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Network setup key in multi-tenant data centers

By Max Burkhalter
March 1, 2012
The multi-tenant data center market is shifting quickly, as cloud computing is leading to a boom for hosting services and more operators are having to find ways to adapt their facilities in light of the flexibility and performance demands of the cloud. According to a recent Data Center Knowledge report, building out an L4-7 network could be an ideal solution for meeting these demands if the infrastructure is managed effectively.

In such a setup, the network is split into four quadrants, one for each layer in the four through seven range. This allows data center operators to customize the resources used within each layer. For example, the report explained that decisions need to be made pertaining to which quadrants will be built on physical hardware and which will be virtual. This will help dictate what the performance capabilities of each layer will be, and systems can be established to monitor each segment separately to ensure consistent performance within the service level requirements of each sector.

Typically, organizations devote the first quadrant of this grid to the IT users, as their technical and data throughput requirements are typically much higher than other clients. The other sectors are then given to various customers based on their service level needs.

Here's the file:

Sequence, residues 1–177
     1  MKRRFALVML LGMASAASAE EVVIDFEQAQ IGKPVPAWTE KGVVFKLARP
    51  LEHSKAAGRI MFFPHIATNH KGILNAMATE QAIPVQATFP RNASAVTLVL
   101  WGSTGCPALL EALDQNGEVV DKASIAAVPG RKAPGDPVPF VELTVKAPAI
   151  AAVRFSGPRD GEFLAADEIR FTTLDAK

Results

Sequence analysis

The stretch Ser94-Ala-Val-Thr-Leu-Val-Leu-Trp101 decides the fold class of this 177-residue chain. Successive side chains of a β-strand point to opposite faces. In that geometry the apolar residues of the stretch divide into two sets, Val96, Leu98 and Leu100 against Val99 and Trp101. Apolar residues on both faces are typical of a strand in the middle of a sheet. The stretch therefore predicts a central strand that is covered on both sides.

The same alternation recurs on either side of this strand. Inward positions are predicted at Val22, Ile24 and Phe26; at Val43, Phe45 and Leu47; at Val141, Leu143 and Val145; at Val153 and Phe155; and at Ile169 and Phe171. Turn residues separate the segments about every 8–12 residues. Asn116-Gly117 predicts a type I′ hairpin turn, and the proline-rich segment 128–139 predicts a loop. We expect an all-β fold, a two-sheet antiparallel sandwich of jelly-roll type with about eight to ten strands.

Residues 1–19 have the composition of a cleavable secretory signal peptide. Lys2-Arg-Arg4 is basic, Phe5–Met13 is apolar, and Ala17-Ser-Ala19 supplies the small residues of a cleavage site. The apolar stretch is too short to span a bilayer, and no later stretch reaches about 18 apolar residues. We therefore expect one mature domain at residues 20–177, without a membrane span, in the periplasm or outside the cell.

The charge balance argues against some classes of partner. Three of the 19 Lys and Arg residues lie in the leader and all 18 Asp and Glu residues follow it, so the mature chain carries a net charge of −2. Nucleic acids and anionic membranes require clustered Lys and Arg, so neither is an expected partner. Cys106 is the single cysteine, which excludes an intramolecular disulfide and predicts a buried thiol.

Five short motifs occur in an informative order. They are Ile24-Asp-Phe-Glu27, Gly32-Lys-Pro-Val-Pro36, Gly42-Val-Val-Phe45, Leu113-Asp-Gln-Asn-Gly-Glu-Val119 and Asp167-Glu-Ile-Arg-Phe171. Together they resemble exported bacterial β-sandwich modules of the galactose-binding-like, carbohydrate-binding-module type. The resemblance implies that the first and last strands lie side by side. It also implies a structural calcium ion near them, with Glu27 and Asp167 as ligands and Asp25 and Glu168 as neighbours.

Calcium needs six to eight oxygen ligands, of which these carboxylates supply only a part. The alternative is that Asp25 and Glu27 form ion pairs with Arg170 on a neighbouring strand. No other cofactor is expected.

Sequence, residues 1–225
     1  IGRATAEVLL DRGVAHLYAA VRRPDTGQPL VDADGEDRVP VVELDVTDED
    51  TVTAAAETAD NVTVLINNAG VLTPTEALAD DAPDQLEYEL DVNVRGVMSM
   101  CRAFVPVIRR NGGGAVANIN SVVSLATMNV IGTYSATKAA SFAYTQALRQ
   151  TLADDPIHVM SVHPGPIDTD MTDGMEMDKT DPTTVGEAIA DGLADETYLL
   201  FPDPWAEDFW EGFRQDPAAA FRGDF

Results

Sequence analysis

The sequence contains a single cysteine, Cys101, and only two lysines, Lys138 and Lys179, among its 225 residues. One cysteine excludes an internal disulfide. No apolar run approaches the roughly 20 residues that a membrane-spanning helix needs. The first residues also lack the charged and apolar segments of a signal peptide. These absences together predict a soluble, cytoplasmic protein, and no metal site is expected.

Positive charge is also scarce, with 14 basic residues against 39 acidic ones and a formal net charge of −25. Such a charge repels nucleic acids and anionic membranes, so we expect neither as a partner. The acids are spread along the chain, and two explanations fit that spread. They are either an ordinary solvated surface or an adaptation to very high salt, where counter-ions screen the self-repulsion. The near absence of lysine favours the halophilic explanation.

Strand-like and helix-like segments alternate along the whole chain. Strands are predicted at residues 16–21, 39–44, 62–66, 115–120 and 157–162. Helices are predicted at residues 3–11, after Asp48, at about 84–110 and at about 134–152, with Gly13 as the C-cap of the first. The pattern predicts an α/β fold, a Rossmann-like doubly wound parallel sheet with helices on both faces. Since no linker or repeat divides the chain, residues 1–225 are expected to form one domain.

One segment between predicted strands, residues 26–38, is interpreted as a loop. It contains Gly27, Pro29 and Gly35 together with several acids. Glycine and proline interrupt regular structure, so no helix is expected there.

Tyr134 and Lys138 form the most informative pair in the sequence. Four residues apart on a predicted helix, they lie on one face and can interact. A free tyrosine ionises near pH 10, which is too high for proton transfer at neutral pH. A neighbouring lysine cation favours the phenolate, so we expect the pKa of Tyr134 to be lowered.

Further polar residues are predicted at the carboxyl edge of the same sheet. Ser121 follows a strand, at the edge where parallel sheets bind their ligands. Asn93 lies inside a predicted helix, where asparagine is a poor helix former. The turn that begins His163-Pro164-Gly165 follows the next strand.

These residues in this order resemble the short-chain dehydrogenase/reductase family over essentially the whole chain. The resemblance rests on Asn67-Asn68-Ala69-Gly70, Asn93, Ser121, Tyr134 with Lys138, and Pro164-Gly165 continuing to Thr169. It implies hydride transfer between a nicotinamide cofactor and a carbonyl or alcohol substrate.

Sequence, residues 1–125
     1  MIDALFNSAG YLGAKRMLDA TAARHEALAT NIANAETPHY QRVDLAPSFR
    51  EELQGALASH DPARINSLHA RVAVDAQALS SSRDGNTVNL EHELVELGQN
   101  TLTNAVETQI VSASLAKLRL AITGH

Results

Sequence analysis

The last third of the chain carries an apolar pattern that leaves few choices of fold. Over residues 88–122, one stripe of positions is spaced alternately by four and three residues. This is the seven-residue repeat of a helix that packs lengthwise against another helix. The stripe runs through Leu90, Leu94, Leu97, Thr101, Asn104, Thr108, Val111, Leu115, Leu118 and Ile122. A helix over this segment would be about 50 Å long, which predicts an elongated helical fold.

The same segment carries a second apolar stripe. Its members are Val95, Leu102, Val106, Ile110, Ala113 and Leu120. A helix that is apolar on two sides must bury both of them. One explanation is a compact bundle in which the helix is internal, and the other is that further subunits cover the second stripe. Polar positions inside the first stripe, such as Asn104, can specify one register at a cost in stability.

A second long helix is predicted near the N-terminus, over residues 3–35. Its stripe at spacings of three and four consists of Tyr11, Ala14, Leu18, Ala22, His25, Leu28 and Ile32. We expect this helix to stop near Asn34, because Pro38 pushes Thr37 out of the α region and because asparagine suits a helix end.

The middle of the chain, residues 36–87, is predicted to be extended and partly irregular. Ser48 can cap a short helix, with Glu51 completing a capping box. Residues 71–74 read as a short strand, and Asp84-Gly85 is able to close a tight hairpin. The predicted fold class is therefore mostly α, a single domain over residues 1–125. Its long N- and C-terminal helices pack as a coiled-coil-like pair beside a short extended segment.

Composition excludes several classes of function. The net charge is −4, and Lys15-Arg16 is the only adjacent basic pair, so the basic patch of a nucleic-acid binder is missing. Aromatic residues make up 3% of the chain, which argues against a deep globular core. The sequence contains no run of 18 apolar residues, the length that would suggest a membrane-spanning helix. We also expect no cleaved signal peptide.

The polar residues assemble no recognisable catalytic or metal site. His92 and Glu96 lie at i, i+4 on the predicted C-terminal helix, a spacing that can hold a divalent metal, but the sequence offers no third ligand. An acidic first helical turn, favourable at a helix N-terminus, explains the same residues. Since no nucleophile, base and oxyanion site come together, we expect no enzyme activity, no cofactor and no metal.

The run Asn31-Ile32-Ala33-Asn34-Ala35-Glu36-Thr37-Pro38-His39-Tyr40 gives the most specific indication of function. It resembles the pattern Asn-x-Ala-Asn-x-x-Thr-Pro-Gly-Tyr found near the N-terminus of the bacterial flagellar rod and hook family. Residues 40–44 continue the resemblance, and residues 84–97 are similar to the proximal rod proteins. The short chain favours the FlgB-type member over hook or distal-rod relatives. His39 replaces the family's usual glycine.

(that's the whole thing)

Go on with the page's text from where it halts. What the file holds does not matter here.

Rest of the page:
This setup can provide a layer of flexibility that traditional Layer 2 and Layer 3 network systems cannot easily match. However, the L2/L3 infrastructure deals with data packets differently, creating an environment in which organizations need to shift how they manage network transmissions and other throughput requirements in light of the unique requirements of an L4-7 setup.

The potential shift to an L4-7 data center network comes, in large part, because cloud computing adds a level of complexity to servers and storage that cannot easily be met using traditional networking systems. Organizations are responding to this in a variety of ways, including flattening Ethernet architectures to remove Layer 3 and have a Layer 2 only network, investing in high-performance equipment that simply adds bandwidth and speed to the traditional L2/L3 infrastructure or even moving beyond that setup entirely and investing in an L4-7 system. Regardless of how organizations are choosing to adjust their networking architectures in light of the cloud, it is clear that businesses are responding to the emerging technology by investing in network upgrades in some form.

Perle’s wide range of 1 to 48 port Perle Console Servers provide data center managers and network administrators with secure remote management of any device with a serial console port. Plus, they are the only truly fault tolerant Console Servers on the market with the advanced security functionality needed to easily perform secure remote data center management and out-of-band management of IT assets from anywhere in the world.


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